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Hove, Arthur (ed.) / Wisconsin alumnus
Volume 64, Number 8 (May 1963)

The University YMCA celebrates its centennial,   pp. 19-[20]


Page 19


The
University
YMCA
Celebrates
0
its
Centennial
A PRIL 1, 1963, was a big day for
the University YMCA, as some
275 student and alumni: leaders
gathered for a centennial program
reviewing the organization's past 100
years of service to the campus.
  The YMCA idea came to this
country from  across the Atlantic,
where the movement was born in
London in the 1840s. Moving spirit
in its appearance on the Wisconsin
campus was the famed naturalist
John Muir.
  Muir walked from his Marquette
County farm home to enroll in the
University in 1861, at about the
same time young soldiers were
streaming into Camp Randall to
await Civil War duty. According to
the narration of the anniversary pro-
The old YMCA, located next to the Memorial Union until it was razed in 1954,
served the
campus for more than 50 years.
gram, "Muir was deeply touched by
what he saw at Camp Randall." He
felt the soldiers were being exploited
by undesirables, and tried to be a
father or brother to as many as he
could.
   The earliest record of the campus
 YMCA is found in a letter written
 June 1, 1863, by Muir to his sister.
 The postscript read, "I had almost
 forgotten, Sarah, to tell you that I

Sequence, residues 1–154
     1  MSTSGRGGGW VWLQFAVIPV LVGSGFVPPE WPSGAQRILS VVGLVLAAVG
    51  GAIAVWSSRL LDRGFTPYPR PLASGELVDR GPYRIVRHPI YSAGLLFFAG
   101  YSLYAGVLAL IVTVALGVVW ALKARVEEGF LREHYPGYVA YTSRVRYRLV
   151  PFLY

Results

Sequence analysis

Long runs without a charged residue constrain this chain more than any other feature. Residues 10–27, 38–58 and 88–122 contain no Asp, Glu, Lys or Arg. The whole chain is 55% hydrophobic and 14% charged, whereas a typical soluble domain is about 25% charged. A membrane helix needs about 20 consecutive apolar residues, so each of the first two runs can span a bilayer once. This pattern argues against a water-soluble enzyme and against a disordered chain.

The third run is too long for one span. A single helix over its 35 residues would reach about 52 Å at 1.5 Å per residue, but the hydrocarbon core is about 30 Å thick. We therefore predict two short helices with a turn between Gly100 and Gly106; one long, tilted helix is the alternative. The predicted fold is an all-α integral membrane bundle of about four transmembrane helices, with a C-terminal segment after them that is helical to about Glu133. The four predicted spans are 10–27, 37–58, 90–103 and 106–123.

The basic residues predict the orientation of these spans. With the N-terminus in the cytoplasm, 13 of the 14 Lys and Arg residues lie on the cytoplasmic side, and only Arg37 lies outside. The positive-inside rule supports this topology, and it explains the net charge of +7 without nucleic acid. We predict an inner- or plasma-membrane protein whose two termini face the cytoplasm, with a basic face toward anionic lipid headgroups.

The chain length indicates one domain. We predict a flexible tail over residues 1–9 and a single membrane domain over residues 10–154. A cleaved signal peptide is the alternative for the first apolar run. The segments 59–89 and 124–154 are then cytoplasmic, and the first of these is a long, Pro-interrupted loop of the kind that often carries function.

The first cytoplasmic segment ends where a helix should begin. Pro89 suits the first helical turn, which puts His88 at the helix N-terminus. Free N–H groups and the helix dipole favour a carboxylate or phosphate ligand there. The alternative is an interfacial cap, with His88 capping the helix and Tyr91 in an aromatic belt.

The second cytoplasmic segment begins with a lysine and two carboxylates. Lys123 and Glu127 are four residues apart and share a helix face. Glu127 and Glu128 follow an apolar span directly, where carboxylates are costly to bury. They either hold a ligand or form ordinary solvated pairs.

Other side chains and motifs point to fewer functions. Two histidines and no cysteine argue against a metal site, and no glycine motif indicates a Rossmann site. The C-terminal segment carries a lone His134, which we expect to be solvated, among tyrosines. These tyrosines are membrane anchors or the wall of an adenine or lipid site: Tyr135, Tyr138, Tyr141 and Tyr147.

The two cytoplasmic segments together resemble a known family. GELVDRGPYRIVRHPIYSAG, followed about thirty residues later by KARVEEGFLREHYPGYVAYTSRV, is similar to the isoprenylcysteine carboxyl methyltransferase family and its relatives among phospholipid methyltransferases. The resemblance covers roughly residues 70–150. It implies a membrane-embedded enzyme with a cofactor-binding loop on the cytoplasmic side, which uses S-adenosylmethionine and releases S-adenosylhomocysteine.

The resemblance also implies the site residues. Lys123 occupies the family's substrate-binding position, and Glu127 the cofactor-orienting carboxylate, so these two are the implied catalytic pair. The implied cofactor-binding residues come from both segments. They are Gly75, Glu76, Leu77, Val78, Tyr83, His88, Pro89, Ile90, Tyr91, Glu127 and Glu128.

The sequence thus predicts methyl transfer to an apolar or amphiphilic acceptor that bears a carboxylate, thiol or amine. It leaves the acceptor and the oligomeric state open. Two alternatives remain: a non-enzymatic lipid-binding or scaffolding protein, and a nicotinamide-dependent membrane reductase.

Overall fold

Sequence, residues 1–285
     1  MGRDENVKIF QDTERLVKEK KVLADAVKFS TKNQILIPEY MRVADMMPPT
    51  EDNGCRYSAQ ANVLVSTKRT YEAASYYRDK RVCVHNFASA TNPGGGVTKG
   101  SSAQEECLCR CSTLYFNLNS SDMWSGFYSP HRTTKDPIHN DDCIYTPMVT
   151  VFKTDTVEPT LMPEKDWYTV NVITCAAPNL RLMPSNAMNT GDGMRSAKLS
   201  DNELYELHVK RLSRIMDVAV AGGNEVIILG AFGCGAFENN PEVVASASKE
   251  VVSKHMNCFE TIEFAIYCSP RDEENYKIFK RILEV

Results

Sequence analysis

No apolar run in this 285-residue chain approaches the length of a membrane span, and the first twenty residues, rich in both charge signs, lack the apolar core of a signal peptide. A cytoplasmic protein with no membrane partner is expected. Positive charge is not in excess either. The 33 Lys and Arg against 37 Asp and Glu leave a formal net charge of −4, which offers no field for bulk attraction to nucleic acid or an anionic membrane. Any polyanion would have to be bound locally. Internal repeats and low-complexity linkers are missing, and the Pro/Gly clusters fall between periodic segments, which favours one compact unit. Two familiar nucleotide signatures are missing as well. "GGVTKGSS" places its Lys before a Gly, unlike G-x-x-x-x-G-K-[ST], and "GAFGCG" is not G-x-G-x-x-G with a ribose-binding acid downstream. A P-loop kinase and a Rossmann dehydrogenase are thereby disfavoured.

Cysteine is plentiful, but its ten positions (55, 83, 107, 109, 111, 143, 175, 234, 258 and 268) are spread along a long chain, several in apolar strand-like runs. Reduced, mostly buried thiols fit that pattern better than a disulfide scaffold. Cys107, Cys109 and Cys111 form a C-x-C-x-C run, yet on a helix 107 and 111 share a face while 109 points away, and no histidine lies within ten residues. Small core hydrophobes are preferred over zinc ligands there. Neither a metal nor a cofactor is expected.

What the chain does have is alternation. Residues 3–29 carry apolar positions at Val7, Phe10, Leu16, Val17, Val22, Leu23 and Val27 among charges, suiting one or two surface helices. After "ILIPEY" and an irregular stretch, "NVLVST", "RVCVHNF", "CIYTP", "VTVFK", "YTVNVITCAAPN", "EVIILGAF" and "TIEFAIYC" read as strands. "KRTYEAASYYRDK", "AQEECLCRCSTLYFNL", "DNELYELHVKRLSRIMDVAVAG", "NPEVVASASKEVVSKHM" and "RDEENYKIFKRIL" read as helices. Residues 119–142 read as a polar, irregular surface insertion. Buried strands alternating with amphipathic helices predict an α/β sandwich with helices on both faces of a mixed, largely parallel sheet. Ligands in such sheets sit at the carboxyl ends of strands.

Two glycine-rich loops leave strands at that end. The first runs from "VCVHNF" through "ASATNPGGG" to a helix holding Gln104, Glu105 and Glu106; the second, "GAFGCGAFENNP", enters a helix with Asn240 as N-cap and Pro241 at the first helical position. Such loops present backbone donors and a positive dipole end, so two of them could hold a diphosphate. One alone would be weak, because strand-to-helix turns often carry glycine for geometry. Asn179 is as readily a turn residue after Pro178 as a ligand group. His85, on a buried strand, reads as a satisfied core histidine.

was elected judge in one of the de-
 bating clubs a short time ago, also
 president of the Young Men's Chris-
 tian Association. You say that you
 expect something great by and by!
 Am I not great now?"
   Although a formal campus charter
 was not granted by the international
 committee until 1871, several other
 lines of evidence in University his-
 tory indicate that the Muir letter
 referred to a university organization,
 so 1963 has been considered the cen-
 tennial year.
   Colorful times were ahead of the
 "Y" in the 1860s. There was the
 struggle to remain financially sol-
 vent, and the persistent zeal of the
 -leaders--and--members-to -serve uni-
 versity students. Guests at the an-
 niversary dinner got the feel of the
 early times, as songs by the Zor
 Shrine Chanters, slides, and narra-
 tion recalled the periods of the or-
 ganization's growth.
 One of the most colorful of the
 early problems-the feud between
 religious liberals and fundamenta-
 lists-and the struggle between reli-
 gion and high living at the turn of
 the century, was depicted as the
 Chanters sang "Softly and Tenderly
 Jesus is Calling" followed immedi-
 ately by "There's a Tavern in the
 Town."
 The YMCA has had three differ-
 ent homes since it began on the cam-
 pus, the first of them in an old house
 on North Lake Street. The next
 move took the "Y" to a four story
limestone building next to the red
May, 1963
19


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